T. It.: La Febbre Dell’oro; Sog., Scen. E Mo.: Charles Chaplin; F.: Roland Totheroh; Scgf.: Charles D. Hall; Mu.: Carli Elinor, Max Terr, Gerard Carbonara, Charles Chaplin; Int.: Charles Chaplin (Cercatore D’oro), Georgia Hale (Georgia), Mack Swain (Big Jim Mckay), Tom Murray (Black Larson), Betty Morrissey, Kay Desleys, Joan Lowell (Amiche Di Georgia), Henry Bergman (Hank Curtis), Malcolm Waite (Jack Cameron), John Rand, Heinie Conklin, Albert Austin, Allan Garcia, Tom Wood (Cercatori); Prod.: Charles Chaplin Per United Artists; Pri. Pro.: Hollywood, 26 Giugno 1925; 35mm. L.: 2400 M. D.: 87′ A 24 F/S. Bn.
“This is one of the most beautiful films of all time, it’s a poetic piece and thus complete in and of itself, perfect. It was born a silent film and must remain so. From a commercial point of view perhaps we could put up with music, considering that all silent films were screened accompanied by the traditional piano, but spoken narration is truly unacceptable. We manage to ignore it thanks only to this film’s intrinsic value, which, along with The Circus, is the most complete synthesis of Chaplin’s art. This piece has been discussed at length and thus it’s sufficient to say that an old impression is confirmed: herein Chaplin reaches not only his usual psychological unity but also an incredible plasticity. The enemy of all traditional conformity has composed a discrete, sober symphony in black and white, which, from the line of prospectors on the mountain, to the silhouette of the mime in the storm, to the wonderful arabesque of the slashed cushion, further strengthens the extraordinary clarity of emotions. The ending is extraneous, but so is the Little Tramp’s state of human solitude”.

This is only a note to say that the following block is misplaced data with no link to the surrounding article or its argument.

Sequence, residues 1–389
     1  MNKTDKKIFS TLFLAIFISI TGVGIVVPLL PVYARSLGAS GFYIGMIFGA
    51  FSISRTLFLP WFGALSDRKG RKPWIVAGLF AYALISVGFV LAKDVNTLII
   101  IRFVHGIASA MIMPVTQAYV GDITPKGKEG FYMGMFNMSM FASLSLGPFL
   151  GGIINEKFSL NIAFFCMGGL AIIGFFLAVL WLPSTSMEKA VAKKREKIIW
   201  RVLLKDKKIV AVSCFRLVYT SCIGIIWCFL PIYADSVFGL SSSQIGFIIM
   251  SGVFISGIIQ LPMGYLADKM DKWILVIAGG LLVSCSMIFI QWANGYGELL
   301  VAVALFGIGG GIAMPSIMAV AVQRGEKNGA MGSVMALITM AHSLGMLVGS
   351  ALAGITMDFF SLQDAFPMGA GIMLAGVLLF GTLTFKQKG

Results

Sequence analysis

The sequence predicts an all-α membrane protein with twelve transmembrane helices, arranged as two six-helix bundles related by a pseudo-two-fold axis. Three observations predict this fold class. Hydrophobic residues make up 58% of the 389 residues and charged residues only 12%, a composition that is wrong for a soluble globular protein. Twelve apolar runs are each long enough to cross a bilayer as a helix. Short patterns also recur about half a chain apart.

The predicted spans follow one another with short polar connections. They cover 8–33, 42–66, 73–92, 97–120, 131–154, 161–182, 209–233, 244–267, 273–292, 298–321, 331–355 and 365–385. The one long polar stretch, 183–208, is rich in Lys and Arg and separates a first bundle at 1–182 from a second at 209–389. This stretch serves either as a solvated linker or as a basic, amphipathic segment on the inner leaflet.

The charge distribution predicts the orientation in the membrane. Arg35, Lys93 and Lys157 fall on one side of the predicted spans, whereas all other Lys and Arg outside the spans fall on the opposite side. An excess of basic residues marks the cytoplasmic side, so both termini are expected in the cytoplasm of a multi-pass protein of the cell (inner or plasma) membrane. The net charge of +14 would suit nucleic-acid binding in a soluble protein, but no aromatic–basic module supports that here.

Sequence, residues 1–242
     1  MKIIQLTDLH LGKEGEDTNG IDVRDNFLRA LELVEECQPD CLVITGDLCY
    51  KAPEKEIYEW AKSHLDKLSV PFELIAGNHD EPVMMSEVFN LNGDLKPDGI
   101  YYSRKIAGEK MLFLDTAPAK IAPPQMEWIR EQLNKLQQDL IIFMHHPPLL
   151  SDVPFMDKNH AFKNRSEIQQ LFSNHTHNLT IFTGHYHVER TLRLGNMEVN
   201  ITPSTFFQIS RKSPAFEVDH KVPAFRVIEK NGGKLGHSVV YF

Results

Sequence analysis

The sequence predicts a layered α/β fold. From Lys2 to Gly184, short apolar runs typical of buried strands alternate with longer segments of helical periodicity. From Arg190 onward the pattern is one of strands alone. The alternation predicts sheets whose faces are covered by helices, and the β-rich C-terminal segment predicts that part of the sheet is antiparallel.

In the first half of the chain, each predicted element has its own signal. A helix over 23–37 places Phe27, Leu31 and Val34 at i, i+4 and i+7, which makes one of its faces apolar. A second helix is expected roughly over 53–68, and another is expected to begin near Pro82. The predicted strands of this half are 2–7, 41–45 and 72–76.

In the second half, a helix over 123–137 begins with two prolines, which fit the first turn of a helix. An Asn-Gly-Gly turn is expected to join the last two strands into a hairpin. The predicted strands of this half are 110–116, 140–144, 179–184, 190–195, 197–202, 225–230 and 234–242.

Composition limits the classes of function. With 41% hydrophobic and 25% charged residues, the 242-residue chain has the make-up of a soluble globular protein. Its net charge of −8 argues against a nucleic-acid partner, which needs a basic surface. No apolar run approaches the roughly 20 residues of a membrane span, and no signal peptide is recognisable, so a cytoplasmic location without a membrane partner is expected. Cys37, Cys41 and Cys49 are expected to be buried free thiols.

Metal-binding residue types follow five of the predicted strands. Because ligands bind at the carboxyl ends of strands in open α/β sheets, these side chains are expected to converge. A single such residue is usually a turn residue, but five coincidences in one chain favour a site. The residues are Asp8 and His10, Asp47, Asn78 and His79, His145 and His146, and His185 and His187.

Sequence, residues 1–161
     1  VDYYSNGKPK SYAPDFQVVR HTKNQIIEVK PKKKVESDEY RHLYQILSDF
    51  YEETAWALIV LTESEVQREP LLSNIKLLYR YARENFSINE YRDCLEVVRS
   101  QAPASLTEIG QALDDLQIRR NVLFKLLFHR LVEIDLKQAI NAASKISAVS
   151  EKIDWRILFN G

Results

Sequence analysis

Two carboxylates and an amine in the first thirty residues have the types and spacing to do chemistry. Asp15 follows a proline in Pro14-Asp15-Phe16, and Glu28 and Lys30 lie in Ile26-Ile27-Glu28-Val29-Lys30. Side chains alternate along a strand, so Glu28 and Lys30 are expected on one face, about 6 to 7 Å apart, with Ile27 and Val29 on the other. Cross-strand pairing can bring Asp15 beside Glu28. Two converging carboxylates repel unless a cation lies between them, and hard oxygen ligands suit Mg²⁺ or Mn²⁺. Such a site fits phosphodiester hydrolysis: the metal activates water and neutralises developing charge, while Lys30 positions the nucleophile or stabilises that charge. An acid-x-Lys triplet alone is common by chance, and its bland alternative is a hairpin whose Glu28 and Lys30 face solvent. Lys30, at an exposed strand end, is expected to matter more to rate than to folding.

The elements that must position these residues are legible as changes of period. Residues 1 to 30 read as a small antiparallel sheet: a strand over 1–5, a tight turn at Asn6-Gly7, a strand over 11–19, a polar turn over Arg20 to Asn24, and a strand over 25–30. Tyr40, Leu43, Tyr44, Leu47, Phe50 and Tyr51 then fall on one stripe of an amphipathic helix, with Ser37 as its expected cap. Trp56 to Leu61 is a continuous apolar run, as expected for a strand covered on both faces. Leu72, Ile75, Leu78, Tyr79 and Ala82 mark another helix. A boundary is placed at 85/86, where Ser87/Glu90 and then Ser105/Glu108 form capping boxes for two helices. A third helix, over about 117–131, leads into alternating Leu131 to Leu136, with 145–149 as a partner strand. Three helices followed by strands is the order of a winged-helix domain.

Michelangelo Antonioni, “L’Italia libera”, 6 August 1944